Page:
Almost every writer--indeed, any type of artist--is asked who influenced them the most in following their dream. I can point to several authors I admire and many teachers and instructors who mentored me in the craft of writing, but perhaps the biggest and definitely the earliest influence in my life was my father.
He was born in rural northern New Mexico, a little town called San Ignacio that barely exists on the map anymore, in 1919. He grew up in a large farming family and left school in sixth grade to help out on the farm. His health was never great (it wasn't until he was in his late 70s that he was diagnosed with a thyroid condition that had affected his heart most of his life) but he was always a hard worker. He joined the Army and was stationed at Ft. Bliss, Texas (in El Paso) where he met and married my mother, raised a family, and lived the rest of his life.
Like most hard-working men of his generation, he never said much and he wasn't the demonstrative sort. The actions that spoke louder than words went beyond making sure there was a roof over our head or food on the table. Books and other reading materials filled our house--encyclopedias, classic novels, just about any books published by Reader's Digest about animals, history, and geography, and an impressive collection of Reader's Digest magazines from 1975 and on. Back then, the magazine included a lot of "snippets" from current works of fiction and non-fiction. My father would share with me stories taken from books by James Herriot (we both loved the Yorkshire vet even if his English colloquialisms were a little hard for us West Texans to understand!), Erma Bombeck and Patrick F. McManus (how I learned to find and write about humor in everyday life), Ray Bradbury (no better writing teacher ever), and "Drama in Real Life" stories about people in death-defying situations.
I came to realize, years later, that my father loved learning. Television documentaries, along with some musical variety programs (anyone remember those?), were his favorite shows to watch, especially shows about myths and mysteries, crime stories, history, nature, you name it. He was, as Ray Bradbury put it, "an amiable compost heap" of subjects of interest. And he found in me a willing accomplice to help him explore them.
He also loved to tell stories. Hearing him talk about his childhood years growing up on the farm (especially the stories about him and his brothers and their farm dog) and the years he served in the Army Air Corps, taught me a few things about how to engage an audience. His stories still linger in my memory, the images he created with a few words still adorn my heart. The fact that my mystery series is set in rural New Mexico is a testament to the love my father instilled in me of his home state. Even the parish church in fictional Bonney is named after my father's home town.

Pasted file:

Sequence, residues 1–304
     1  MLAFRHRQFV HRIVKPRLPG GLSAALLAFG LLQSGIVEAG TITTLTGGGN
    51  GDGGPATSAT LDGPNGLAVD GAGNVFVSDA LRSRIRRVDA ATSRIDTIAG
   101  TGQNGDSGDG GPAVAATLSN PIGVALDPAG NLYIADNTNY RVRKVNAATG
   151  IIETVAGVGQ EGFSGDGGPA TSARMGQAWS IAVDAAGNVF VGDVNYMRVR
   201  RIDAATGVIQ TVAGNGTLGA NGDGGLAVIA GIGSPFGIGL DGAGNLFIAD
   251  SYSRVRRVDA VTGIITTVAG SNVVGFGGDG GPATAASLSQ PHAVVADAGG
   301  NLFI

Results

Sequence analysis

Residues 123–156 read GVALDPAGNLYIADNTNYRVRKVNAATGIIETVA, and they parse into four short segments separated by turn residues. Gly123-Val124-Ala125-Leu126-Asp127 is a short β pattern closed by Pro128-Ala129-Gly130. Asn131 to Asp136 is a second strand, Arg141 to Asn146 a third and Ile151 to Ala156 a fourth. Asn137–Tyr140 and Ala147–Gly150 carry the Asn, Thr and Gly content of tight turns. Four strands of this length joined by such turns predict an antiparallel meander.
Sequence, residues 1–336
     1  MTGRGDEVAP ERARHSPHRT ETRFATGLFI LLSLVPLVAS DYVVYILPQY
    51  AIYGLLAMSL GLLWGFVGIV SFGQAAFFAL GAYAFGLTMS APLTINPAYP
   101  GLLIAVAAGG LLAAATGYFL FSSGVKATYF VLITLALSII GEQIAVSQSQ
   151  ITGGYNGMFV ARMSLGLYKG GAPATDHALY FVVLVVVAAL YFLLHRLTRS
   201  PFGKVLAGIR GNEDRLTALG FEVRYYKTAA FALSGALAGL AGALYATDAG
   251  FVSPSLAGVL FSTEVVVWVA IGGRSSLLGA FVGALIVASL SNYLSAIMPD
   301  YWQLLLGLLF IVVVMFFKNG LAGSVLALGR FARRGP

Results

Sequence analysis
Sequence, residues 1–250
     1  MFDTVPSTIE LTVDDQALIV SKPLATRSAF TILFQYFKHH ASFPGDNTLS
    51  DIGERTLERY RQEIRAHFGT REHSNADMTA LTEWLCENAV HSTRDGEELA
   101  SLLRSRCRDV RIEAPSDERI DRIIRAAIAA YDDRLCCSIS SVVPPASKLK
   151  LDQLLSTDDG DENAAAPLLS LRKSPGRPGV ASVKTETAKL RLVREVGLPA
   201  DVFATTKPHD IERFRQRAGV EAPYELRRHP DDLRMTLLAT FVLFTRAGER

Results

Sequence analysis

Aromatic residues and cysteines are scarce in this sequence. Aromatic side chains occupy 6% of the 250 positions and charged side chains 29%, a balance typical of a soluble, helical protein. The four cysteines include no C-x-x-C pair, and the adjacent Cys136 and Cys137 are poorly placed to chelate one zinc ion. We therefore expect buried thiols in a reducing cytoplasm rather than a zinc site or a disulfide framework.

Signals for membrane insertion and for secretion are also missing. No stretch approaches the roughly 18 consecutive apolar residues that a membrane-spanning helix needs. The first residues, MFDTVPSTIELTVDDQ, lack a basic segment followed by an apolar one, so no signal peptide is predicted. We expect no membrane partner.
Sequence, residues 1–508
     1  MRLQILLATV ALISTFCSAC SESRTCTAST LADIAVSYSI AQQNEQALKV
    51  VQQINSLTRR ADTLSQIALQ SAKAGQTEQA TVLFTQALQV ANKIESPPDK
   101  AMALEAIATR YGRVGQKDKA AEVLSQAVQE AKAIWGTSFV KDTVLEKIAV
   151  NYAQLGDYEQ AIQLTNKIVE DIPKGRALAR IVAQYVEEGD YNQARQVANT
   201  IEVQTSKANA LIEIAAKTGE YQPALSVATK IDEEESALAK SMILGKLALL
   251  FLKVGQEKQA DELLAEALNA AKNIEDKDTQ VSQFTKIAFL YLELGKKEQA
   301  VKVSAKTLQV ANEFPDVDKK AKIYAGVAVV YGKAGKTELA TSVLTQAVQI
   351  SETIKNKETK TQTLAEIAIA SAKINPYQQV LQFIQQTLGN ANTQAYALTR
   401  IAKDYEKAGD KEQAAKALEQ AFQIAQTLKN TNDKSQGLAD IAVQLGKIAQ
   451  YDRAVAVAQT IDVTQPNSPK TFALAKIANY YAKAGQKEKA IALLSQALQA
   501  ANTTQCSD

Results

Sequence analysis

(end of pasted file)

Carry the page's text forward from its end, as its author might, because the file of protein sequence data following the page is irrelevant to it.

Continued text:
There was no one I ever wanted to please more with my work, whether at school, at home, or, in later years, my jobs and my own life. I couldn't wait to share good news or accomplishments with him--a good grade, a short story or poem I had penned on my own, a cake I had baked, promotions or awards at work, even the new deck or cabinets we had installed in our home (my husband has always been gracious about sharing the spotlight with my dad. He considers it an honor!) And when things didn't go well, no matter what, he was always there to remind me that there was no shame in failure unless it kept me from trying again. It might seem odd to some people, but he always had a matter-of-fact attitude about my successes... as if it were no surprise to him that I had done well. I know now that he was probably bursting with pride but, true to his nature, a simple smile and glimmer in his eyes conveyed more than a dozen roses would have.
My father passed away in 2009. I was just starting my hunt for a publisher for my mystery series. For once, I hadn't told my dad about my desire to be a writer or my dream to be published. Perhaps I worried that this was THE impossible dream, one that all his encouragement would not help me achieve. Or maybe I feared that I wouldn't live up to his expectations--after all, books were his only extravagance and luxury. What if my books weren't good enough? Still, I know in my heart that he suspected that, deep down, I harbored a desire to write. Maybe, with a father's intuition, he knew what my dreams were and silently rooted for me all along.
I only wish I could have seen his face when my first book was published.
Happy birthday, Daddy. Thank you and I love you.
Amy M. Bennett is the author of the Black Horse Campground mystery series and still very much a Daddy's girl. http://www.amymbennettbooks.com/